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Ruling puts Tucson child killer back on Arizona's death row

PHOENIX — The U.S. Supreme Court has put two Arizona murderers back on death row, including a man who killed a 4-year-old Tucson girl.

In a split opinion Monday, the court overturned decisions by federal courts to allow each of them to present new evidence in post-conviction proceedings claiming their attorneys did not do an effective job of defending them in state court. Justice Clarence Thomas, writing for the 6-3 majority, said federal judges are powerless to consider such claims if the evidence was not presented to a state appellate court.

“Federal habeas review is not a substitute for ordinary error correction through appeal,” he wrote. Instead, he said, is it is “an extraordinary remedy that guards only against extreme malfunction in the state criminal justice systems.”

Thomas said the federal Anti-terrorism and Effective Death Penalty Act limits such review to narrow circumstances. And he said that a prisoner also must show that further fact-finding by a federal court would demonstrate, by clear and convincing evidence, that the person is innocent of the crime charged.

One of the defendants is Barry Lee Jones, who was convicted by of the 1994 killing of 4-year-old Rachel Gray.

Jones was sharing his trailer on East Benson Highway near South Alvernon Way with his girlfriend, Angela Gray, his own daughter, and Gray’s three children, ages 4, 11 and 14, according to court records.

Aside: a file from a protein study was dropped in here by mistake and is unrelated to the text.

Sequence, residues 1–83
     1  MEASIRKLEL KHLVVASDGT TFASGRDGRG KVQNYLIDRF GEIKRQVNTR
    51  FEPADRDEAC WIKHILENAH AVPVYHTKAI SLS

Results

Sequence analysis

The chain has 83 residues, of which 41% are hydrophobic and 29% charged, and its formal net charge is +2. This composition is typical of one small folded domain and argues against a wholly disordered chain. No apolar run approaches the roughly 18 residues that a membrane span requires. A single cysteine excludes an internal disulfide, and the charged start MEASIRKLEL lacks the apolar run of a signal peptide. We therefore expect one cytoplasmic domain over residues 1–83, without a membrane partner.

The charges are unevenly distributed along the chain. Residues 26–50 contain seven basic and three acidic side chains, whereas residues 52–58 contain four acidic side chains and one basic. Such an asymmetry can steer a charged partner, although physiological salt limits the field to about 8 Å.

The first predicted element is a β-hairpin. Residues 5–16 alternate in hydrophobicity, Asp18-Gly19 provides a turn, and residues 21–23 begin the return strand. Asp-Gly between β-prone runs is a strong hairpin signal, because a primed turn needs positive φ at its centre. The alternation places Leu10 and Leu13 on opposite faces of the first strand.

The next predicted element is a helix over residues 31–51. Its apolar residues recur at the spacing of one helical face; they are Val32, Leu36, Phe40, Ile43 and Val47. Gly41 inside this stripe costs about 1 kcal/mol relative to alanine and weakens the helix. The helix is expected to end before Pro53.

Early on the morning of May 2, 1994, Jones drove his girlfriend and the 4-year-old to a Tucson hospital where she was pronounced dead on arrival. The girl’s injuries included a scalp laceration and evidence of sexual assault.

Jones, 36, at the time, was arrested the same day and charged with murder, sexual assault and child abuse. A jury found him guilty of all charges.

The other case is for inmate David M. Ramirez.

In 1989, Ramirez, who was out on parole, murdered Mary Gortarez and her 15-year-old daughter Candie Gortarez in their Phoenix apartment.

Court records showed he stabbed the mom 15 times in the neck, back, stomach and left eye. He stabbed the teen 15 times in the neck. Neither died instantly.

Ramirez also sexually assaulted the teen while she was close to death.

Ramirez, the only person left in the apartment, was arrested at the scene and convicted of both murders.

In both cases, federal appellate judges said there was evidence that their attorneys had not done a good job. More to the point, the judges excused their failure to present that evidence when their cases were on appeal at state courts.

Thomas however, said that is precluded by federal law. And he said there are important reasons for not allowing federal appellate court review.

“Serial relitigation of final convictions undermines the finality that is essential to both the retributive and deterrent function of criminal law,” he wrote. And Thomas said allowing Jones and Ramirez — and others in similar situations — to claim ineffective assistance of counsel in federal court leads to possible mischief.

“Broadly available habeas relief encourages prisoners to sandbag state courts by selecting a few promising claims for airing on state post-conviction review, while reserving others for federal habeas review should state proceedings come up short,” he wrote.

Thomas said prisoners “already have a strong incentive” to not present certain claims in state appellate courts, knowing that once they do a federal judge has more ability to turn them away.